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Casino gambling won't stop this weekend, despite the expiration of some tribal gaming compacts

Know when to hold them, know when to fold them

Casinos operated by six Native American tribes in Michigan will continue to operate even though the gaming compacts that allow them expire this weekend.    That will gives the state and the tribes more time to negotiate new compacts.

The agreements were originally made 20 years ago.

John Wernet is the legal counsel for the Sault Sainte Marie Tribe of Chippewa Indians.   He says casinos are a critical source of revenue for the tribes.

“We don’t have a tax base. We don’t have other substantial sources of income,” says Wernet, “The tribes are very dependent on the casinos to support education, law enforcement, tribal government – you know, the whole variety of governmental services that tribes try to provide to their citizens.”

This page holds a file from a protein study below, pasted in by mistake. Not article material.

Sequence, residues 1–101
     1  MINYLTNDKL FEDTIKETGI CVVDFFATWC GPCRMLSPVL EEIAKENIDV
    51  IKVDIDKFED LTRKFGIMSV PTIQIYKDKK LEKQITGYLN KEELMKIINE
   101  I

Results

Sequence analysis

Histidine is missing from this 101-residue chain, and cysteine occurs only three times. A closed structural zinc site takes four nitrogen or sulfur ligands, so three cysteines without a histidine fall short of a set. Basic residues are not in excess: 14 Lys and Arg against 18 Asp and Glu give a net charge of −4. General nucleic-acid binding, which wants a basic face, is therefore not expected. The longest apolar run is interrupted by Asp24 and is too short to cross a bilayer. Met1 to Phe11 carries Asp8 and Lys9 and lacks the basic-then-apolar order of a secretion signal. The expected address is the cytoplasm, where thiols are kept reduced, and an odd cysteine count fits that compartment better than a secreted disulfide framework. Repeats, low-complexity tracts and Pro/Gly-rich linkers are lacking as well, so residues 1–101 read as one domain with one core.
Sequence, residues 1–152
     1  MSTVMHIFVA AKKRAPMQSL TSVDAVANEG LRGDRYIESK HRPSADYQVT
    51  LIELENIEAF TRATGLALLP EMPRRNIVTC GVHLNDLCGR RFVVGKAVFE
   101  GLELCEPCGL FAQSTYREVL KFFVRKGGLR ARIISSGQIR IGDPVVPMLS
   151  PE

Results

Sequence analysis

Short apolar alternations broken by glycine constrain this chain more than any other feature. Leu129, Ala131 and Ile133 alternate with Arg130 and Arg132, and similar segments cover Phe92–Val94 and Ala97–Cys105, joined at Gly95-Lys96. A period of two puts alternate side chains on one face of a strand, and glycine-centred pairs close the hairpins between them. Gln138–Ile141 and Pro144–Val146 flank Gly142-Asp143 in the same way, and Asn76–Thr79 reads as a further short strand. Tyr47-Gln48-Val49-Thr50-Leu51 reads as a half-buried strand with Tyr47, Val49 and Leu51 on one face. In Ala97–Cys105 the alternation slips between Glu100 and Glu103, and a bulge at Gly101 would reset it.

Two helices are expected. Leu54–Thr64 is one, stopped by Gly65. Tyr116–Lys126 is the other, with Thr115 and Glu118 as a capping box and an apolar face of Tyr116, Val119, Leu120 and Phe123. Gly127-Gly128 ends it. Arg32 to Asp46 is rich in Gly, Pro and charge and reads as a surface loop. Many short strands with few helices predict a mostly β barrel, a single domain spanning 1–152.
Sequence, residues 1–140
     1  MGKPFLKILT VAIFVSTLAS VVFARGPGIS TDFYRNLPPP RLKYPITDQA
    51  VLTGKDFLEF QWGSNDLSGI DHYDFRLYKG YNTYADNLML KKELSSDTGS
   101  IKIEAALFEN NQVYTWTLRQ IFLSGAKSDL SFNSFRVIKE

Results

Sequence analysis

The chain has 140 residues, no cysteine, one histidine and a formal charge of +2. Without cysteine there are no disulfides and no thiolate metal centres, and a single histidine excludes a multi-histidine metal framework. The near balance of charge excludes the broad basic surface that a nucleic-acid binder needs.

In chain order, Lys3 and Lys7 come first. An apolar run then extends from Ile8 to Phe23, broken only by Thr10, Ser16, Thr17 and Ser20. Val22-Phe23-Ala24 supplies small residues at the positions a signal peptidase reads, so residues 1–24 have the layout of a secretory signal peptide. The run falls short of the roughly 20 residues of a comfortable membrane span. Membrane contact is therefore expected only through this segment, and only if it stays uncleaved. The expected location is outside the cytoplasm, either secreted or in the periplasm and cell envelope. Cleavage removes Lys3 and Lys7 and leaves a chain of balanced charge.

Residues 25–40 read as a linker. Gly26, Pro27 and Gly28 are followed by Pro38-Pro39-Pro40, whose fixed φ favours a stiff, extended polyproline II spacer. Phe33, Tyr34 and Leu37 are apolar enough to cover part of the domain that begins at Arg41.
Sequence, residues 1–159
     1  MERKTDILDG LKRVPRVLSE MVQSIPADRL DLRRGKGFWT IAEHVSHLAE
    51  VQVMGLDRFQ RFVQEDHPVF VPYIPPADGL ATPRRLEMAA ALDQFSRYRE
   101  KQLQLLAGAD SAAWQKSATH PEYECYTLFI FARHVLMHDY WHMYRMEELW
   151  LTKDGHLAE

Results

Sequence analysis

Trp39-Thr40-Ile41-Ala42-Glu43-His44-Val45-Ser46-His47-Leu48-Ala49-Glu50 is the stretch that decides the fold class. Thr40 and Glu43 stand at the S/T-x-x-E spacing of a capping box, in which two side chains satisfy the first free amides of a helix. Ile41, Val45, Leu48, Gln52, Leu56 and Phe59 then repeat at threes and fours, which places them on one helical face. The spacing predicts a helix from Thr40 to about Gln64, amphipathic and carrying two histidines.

The compacts cover half the Michigan tribes that operate casinos.

Governor Rick Snyder’s administration has notified the tribes the casinos will continue to operate under the existing terms while discussions on new agreements go ahead.

“The casinos have been part of the fabric in these communities for 20 years now,” says Dave Murray, the governor’s spokesman, “They’re job providers. There’s an economic boon to those communities. It’s important to keep them, to have them there. We have a good relationship with the tribes. We want to see them continue. Everyone is optimistic that will happen.”

A major sticking point in the talks is that the governor wants the tribes to resume paying a percentage of their revenues to the state.   Revenue sharing was part of the original gaming compacts.  But that ended when the state authorized the Detroit casinos and signed gaming compacts with other tribes.

Rick Pluta is Senior Capitol Correspondent for the Michigan Public Radio Network. He has been covering Michigan’s Capitol, government, and politics since 1987.
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